DODGE CITY, Kan. – Mike Weir has a lot of confidence heading into next weekend’s Kansas Professional Rodeo Association Finals.
He should. After all, he and his partner, Brian Padilla, grew up together and have been roping together most of their lives. Between the open team roping and the 40-40 team roping, they have earned nine year-end titles together and would like to another average title from the KPRA finale, set for 7 p.m. Friday, Sept. 23-Saturday, Sept. 24, and 2 p.m. Sunday, Sept. 25, at Roundup Arena.
“We’re right on the heels of the guys that are winning the standings right now,” said Weir, who, like his partner, is from Dodge City. “That’s where I’d rather be, sitting second going into the finals.”
Padilla and Weir have earned $7,563 in the KPRA this season and are within reach of the 40-40 team roping standings leaders, Justin and Brian Crist. Padilla is $123 behind Justin Crist, while Brian Crist has a $511 lead over Weir.
Now they’re in a race for another title.
“It proves to me that I can still compete against everybody,” Padilla said. “I’ve been doing it for years. I’ve gone to the PRCA rodeos, and when you go to those, it costs you a lot more money. This is just another way that I can be on top of the world in the heading side.”
The duo graduated from Dodge City High School in 1989, but they’ve been around rodeo a lot longer than that. Now they’re both passing that passion for the sport on to the next generation. Weir has twin boys that are already doing well, and Padilla is just getting his youngsters started in the game.
“Rodeo is very hard,” Weir said. “You drive all night, get home and get up to go to work, then you get off work and do it again. There were times this summer where we went to four rodeos in a week, so you were always going.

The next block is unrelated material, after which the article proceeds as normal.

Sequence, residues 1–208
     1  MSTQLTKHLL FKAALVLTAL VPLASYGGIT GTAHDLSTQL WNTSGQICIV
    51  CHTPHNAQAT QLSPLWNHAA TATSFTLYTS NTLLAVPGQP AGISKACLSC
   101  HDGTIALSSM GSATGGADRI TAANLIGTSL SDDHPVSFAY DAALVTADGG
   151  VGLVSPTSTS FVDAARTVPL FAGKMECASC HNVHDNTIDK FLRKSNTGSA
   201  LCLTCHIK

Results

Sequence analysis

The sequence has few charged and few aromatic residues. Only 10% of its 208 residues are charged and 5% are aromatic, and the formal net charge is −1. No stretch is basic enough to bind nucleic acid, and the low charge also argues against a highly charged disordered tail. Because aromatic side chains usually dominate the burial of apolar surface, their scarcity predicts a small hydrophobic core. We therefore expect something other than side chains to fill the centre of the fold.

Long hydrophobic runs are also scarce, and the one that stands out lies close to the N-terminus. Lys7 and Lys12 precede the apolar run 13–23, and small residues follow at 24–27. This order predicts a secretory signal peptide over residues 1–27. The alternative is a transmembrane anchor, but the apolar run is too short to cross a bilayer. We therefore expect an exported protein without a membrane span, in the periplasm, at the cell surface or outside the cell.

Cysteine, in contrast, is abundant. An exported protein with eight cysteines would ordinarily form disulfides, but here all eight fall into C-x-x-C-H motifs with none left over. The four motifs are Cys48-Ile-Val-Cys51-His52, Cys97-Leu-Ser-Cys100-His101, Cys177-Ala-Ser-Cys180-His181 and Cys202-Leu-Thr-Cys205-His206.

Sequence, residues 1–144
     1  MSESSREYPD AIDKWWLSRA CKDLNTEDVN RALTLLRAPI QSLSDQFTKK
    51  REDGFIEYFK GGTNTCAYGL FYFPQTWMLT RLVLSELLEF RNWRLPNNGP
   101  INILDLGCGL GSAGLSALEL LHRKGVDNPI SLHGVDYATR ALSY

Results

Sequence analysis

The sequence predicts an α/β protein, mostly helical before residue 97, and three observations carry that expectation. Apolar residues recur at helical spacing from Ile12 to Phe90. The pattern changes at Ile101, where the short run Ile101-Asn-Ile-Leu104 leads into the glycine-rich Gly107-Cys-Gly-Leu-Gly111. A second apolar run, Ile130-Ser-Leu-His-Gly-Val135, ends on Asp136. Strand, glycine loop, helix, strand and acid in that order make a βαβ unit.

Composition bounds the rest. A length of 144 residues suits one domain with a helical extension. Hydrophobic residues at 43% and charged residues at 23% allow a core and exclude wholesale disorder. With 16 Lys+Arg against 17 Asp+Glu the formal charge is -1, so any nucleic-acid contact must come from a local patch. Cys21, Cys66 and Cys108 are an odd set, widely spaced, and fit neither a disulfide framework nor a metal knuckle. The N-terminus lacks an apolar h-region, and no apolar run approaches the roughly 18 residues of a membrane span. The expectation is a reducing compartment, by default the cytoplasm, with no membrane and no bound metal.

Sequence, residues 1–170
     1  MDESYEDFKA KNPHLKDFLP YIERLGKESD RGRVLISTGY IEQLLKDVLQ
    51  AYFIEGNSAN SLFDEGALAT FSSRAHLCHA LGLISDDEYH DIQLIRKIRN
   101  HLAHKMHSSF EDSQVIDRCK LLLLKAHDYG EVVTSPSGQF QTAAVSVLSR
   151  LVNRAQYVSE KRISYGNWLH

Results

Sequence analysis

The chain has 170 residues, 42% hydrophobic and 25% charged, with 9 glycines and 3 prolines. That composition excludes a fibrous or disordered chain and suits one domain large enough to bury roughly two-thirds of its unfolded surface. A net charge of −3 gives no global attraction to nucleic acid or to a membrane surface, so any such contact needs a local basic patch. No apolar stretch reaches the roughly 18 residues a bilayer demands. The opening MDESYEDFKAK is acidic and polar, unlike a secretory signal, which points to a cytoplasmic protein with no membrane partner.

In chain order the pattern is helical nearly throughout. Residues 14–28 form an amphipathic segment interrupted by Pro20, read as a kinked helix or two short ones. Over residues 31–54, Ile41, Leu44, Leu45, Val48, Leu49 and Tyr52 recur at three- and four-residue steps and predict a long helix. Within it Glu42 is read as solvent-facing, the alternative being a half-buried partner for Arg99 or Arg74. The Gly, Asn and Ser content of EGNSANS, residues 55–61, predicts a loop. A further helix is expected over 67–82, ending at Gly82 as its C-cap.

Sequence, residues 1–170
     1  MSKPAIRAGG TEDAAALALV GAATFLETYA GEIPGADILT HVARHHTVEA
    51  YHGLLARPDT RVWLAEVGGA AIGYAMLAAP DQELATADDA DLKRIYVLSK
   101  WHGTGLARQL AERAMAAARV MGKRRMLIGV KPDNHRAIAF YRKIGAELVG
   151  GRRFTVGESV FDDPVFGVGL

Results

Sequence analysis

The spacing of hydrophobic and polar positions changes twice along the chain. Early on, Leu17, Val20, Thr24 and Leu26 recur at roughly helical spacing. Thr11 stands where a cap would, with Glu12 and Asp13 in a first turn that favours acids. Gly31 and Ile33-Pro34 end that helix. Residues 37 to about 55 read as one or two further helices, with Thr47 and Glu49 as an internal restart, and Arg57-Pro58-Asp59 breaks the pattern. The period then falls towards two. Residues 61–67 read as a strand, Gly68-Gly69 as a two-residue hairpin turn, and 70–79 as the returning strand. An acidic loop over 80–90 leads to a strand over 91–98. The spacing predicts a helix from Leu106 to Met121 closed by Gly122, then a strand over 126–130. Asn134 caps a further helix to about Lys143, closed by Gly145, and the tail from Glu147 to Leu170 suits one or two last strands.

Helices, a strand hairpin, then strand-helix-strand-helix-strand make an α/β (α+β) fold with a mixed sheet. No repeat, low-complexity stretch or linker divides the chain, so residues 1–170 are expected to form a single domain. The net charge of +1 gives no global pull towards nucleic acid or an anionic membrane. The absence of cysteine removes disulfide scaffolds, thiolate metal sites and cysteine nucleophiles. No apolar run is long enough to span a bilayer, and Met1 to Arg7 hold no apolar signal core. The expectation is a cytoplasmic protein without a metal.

“I love it, though. I like the people in the sport more than anything. I love to get to visit with the people, and I love to compete. I’ve done it ever since I was a kid.”
That competitive nature has shown brightly over the years. Padilla and Weir have earned the open team roping title eight times and have added the 40-40 – an event made up of teams whose combined ages are at least 80 years old.
With years of experience together, they like their chances when it comes time to enter the arena.
“Mike and I just know each other, and we know exactly what needs to be done,” Padilla said. “We know each other like the back of our hand. That’s what makes us so competitive.”
Weir echoed those sentiments – even down to the same cliché – in identifying what makes them so successful.
“There’s just a lot of chemistry, but we’ve been roping together since we were kids,” Weir said. “It’s good that we can compete at the finals in Dodge City. Anytime you can compete at a hometown rodeo, it’s great. You feel like you’ve got one up on the competition. It’s definitely a home-field advantage.”